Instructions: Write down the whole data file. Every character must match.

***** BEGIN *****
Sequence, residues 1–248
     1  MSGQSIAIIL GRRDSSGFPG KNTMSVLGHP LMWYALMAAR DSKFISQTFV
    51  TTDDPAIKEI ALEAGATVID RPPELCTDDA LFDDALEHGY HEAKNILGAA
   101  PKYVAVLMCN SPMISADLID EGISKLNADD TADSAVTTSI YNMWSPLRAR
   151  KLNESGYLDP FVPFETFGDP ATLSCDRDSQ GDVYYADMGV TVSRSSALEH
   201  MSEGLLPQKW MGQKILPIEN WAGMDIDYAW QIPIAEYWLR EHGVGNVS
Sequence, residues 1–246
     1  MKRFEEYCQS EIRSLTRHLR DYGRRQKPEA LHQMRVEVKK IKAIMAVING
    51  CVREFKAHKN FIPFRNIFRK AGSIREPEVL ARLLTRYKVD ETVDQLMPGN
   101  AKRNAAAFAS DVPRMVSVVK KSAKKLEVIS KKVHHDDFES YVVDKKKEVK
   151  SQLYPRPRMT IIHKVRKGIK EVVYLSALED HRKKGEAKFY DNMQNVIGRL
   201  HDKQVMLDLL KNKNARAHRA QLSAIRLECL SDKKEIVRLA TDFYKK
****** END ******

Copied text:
Sequence, residues 1–248
     1  MSGQSIAIIL GRRDSSGFPG KNTMSVLGHP LMWYALMAAR DSKFISQTFV
    51  TTDDPAIKEI ALEAGATVID RPPELCTDDA LFDDALEHGY HEAKNILGAA
   101  PKYVAVLMCN SPMISADLID EGISKLNADD TADSAVTTSI YNMWSPLRAR
   151  KLNESGYLDP FVPFETFGDP ATLSCDRDSQ GDVYYADMGV TVSRSSALEH
   201  MSEGLLPQKW MGQKILPIEN WAGMDIDYAW QIPIAEYWLR EHGVGNVS
Sequence, residues 1–246
     1  MKRFEEYCQS EIRSLTRHLR DYGRRQKPEA LHQMRVEVKK IKAIMAVING
    51  CVREFKAHKN FIPFRNIFRK AGSIREPEVL ARLLTRYKVD ETVDQLMPGN
   101  AKRNAAAFAS DVPRMVSVVK KSAKKLEVIS KKVHHDDFES YVVDKKKEVK
   151  SQLYPRPRMT IIHKVRKGIK EVVYLSALED HRKKGEAKFY DNMQNVIGRL
   201  HDKQVMLDLL KNKNARAHRA QLSAIRLECL SDKKEIVRLA TDFYKK